On Tuesday morning, Karl Lagerfeld, fashion’s own indomitable force of nature, paid tribute to that one identified by da Vinci with a Chanel collection that was all about water. It started with the set. The Grand Palais under Lagerfeld’s watch could be subtitled “The Realm of the Possible,” because he has transformed it variously into an art gallery, underwater world, posh supermarket, Eiffel Tower esplanade and rocket-launching pad.
And now a majestic outdoor retreat, its 50-foot tall, 275-foot wide expanse of faux rock sculpted, varnished polystyrene panels equipped with six points of falling water, the surrounding trees dappling the light. It looked for all the world like a natural wonder. Never mind that it took two months to build and nine days to install. Lagerfeld could not have known when he planned it how right his misen scene’s resonant serenity would feel on this particular morning.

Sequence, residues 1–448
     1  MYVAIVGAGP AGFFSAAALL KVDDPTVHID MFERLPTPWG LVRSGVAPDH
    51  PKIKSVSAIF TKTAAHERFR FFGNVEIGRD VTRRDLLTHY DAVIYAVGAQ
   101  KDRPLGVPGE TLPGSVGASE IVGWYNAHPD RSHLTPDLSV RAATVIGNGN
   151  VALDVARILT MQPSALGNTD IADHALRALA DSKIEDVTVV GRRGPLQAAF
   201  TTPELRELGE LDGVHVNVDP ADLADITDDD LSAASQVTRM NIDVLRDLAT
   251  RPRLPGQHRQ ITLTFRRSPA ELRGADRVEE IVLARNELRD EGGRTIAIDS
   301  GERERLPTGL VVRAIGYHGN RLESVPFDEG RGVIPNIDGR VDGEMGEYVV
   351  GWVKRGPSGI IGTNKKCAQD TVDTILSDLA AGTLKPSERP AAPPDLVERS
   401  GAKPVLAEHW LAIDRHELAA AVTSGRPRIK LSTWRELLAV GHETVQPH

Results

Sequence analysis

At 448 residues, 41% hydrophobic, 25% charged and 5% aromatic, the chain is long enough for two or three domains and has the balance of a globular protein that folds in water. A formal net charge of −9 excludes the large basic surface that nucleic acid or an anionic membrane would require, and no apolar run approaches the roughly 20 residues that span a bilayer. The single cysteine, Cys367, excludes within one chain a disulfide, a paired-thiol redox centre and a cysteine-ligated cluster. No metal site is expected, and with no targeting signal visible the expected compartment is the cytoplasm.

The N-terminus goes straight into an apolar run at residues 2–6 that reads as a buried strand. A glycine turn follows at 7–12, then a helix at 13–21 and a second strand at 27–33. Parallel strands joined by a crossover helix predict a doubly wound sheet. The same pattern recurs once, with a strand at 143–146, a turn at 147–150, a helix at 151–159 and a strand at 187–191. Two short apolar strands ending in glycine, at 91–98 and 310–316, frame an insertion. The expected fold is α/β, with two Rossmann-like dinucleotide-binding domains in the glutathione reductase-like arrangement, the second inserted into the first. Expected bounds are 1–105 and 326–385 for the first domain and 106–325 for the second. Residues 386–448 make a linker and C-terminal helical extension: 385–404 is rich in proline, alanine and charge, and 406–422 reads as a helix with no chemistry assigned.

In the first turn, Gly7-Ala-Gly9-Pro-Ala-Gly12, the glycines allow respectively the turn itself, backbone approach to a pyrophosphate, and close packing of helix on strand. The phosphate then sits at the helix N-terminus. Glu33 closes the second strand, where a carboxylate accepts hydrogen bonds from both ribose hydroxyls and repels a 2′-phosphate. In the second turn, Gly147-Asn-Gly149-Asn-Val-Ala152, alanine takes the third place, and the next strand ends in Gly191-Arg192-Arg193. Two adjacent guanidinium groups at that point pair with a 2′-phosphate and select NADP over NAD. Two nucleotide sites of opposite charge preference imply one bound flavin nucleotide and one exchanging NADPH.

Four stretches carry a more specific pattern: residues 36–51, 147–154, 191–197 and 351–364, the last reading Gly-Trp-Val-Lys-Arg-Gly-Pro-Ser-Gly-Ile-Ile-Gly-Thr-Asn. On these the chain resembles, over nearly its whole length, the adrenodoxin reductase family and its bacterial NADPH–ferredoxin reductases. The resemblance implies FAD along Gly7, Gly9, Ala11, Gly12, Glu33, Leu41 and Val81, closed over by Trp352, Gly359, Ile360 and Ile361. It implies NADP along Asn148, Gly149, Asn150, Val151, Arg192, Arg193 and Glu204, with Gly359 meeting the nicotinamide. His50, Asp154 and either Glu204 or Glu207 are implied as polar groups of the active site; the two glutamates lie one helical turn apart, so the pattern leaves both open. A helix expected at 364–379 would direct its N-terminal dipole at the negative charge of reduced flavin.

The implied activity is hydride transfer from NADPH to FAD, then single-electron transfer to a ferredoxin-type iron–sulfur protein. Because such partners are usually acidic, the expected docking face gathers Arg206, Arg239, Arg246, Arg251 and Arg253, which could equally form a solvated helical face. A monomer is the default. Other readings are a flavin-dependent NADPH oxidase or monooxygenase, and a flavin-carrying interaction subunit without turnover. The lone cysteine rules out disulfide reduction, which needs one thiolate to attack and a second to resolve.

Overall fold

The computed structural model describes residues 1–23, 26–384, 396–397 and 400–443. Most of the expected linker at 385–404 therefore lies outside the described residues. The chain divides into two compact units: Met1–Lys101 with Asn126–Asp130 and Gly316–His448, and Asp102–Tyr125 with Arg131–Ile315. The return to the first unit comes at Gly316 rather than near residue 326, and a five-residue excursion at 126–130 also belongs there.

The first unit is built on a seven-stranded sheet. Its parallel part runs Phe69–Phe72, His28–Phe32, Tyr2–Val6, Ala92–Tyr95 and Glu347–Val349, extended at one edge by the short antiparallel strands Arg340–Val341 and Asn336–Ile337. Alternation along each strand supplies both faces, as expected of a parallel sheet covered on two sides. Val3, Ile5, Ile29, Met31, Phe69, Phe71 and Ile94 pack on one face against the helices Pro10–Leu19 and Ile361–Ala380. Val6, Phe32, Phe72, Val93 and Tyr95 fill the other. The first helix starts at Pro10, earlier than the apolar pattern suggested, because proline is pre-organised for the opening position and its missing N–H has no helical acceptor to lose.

The clothes, too, were inspired by water, though not in an obvious way. Well, not obvious except for the raindrop earrings and repellent plastics for Chanel boaters, boots (many over the knee), handbags and outwear, both functional (hooded capes and anoraks) and decorative (little tippets).
But for the most part, Lagerfeld delivered the motif via fabrics tweeds, laces, knits shot with metallic to glisten and change with movement and subtle shifts of light; sheer, open work constructions, some suggesting ripples, others, fishnet cellophane fringe; abstract watery prints; shaggy fringing that mimicked seaweed.